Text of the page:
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Tuesday, 25 March 1997
Page: 2447


Senator HARRADINE(10.58 p.m.) —I suppose I am in a cleft stick here in the sense that if I vote for the third reading, the bill will go back to the House of Representatives. If the House of Representatives disagrees with the amendments that we have made, the matter will come back before this chamber and a motion could be moved by the government that the Senate does not insist on the amendments that it has made. What will be the result if that motion is agreed to? It will mean that the amendments that were in fact made will not be in the legislation and the clauses that were removed will be part of the bill. So in fact we will then have a very strange piece of legislation indeed.

I suppose in that sense the only alternative I have got is to vote against the third reading and hope that the government takes notice of what has been said in this debate by Senator Sherry and by others, including Senator Allison, in respect of attempting to get RSAs that are fair and that recognise that this is workers' money that we are talking about which should be held in trust, and that the directors of the RSAs and the RSAs themselves should have all the liability that is imposed by many decades of cases of trust law.

I was very surprised that the government even refused to vote for my amendment, which was to ensure that it is workers' money that is going into RSAs. The RSAs themselves and the directors of RSAs should realise that and that the money is to be there for the workers in their retirement or, in the case of their death, for their widows and orphans. As such, it is absolutely necessary that they act as trustees and that they accept the fiduciary duties of trustees. But, no, the government refused to accept that.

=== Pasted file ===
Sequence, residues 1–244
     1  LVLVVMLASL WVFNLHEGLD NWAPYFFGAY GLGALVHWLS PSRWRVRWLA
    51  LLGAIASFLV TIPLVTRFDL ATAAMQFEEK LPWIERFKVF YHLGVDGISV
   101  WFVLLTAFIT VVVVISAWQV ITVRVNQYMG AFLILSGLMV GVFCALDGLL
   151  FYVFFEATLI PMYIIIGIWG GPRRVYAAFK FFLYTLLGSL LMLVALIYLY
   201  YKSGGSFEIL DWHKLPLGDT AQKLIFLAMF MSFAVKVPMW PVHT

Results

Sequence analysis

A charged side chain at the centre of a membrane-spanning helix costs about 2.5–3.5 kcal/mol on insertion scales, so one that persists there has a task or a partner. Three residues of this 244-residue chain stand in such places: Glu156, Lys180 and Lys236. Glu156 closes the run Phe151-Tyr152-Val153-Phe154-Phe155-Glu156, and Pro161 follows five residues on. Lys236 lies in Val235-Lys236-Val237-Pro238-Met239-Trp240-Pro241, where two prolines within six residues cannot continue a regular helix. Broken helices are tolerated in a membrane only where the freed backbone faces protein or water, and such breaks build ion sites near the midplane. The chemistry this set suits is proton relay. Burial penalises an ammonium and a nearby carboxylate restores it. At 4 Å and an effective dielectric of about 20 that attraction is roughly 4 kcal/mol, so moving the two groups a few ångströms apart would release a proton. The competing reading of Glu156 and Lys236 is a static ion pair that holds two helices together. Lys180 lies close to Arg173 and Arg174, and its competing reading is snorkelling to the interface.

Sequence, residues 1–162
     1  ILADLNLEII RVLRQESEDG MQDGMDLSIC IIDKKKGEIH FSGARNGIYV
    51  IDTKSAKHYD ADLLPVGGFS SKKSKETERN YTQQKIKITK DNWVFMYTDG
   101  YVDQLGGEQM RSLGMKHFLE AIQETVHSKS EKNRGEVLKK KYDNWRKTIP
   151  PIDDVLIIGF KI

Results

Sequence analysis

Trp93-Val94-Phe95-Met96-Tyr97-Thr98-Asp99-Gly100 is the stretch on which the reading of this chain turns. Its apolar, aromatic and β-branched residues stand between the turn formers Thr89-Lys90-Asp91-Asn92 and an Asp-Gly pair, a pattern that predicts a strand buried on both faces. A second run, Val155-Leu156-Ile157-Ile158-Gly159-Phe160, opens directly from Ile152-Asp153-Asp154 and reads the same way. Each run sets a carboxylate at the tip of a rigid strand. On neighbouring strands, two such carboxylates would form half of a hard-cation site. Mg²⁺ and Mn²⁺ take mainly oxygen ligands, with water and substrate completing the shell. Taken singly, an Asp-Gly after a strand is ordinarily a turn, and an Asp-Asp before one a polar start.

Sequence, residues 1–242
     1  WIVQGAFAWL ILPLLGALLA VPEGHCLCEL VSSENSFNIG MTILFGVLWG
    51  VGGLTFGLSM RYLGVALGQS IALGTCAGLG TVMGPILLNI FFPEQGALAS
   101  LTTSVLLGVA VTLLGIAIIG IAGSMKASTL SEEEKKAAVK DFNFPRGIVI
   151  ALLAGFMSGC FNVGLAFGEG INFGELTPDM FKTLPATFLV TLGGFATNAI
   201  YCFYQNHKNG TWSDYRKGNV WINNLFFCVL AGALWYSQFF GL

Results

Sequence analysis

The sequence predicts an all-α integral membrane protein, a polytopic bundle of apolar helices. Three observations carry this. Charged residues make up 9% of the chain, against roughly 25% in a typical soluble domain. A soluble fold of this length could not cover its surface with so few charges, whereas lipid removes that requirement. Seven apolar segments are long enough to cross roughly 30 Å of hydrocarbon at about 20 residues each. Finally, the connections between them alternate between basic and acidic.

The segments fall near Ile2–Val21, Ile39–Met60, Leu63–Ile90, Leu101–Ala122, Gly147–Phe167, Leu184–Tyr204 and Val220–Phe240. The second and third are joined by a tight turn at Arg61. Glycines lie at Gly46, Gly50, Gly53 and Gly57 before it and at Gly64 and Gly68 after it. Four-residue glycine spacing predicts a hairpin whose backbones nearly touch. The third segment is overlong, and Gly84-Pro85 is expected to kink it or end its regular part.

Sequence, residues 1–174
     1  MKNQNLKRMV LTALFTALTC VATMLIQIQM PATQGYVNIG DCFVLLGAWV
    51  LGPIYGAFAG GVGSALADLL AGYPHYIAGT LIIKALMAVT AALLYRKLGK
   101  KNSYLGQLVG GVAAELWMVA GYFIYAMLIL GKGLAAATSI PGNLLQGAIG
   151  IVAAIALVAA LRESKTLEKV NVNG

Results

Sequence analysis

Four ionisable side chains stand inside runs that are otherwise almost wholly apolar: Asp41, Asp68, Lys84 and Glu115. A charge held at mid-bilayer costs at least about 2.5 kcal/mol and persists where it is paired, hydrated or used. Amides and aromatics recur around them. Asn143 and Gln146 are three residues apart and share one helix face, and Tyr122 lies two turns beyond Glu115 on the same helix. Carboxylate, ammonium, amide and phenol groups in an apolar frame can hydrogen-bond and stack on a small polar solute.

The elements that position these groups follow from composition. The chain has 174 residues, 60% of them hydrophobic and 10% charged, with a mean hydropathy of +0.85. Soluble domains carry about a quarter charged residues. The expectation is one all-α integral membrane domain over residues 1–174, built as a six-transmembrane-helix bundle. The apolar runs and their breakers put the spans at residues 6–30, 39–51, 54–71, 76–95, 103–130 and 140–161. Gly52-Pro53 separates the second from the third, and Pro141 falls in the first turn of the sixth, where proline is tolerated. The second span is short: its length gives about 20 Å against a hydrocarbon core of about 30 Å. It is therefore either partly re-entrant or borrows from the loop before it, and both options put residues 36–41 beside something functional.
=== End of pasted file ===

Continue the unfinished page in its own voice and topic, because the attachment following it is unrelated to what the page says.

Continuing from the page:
As it so happened, thanks to what you did, Mr Deputy President, that provision did in fact pass this chamber. The trouble is, of course, that it goes back to the House of Representatives. If the House of Representatives disagrees with it, it comes back here. The negative motion means that that is down the drain and all of the other clauses where there was a negative vote will also be lost. That is the practical situation. Even if it were not the practical situation, I believe I have a duty to support this. I have regard to what Senator Sherry said in opening the debate on the third reading. He made some extremely good points.

There were a number of amendments that I thought the government would have agreed to. But there seems to have been no willingness on the part of the government to agree, as Senator Sherry said, to even the 28 days as compared with the 14 days given to a worker to respond. Obviously, there has to be a bit more work done by the government if it intends to honour its election commitment.

Let me remind the chamber, as in fact Senator Sherry reminded the chamber, that the promise was that superannuation funds would be able to establish RSAs. That is as I understand the commitment that the government gave. But there is nothing in here, and all attempts by Senator Sherry to have that included have gone by the board, because the government has voted against it.

I advise the Senate that I will be voting against the third reading, in the hope, as has been indicated by Senator Allison, that the government will sit down and have a good look at this to see whether we can do something to salvage the situation and bring in new legislation which will meet the tests of fairness, honesty and disclosure and recognise that RSAs are in fact the equivalent of trusts and the directors should have the obligations thereof.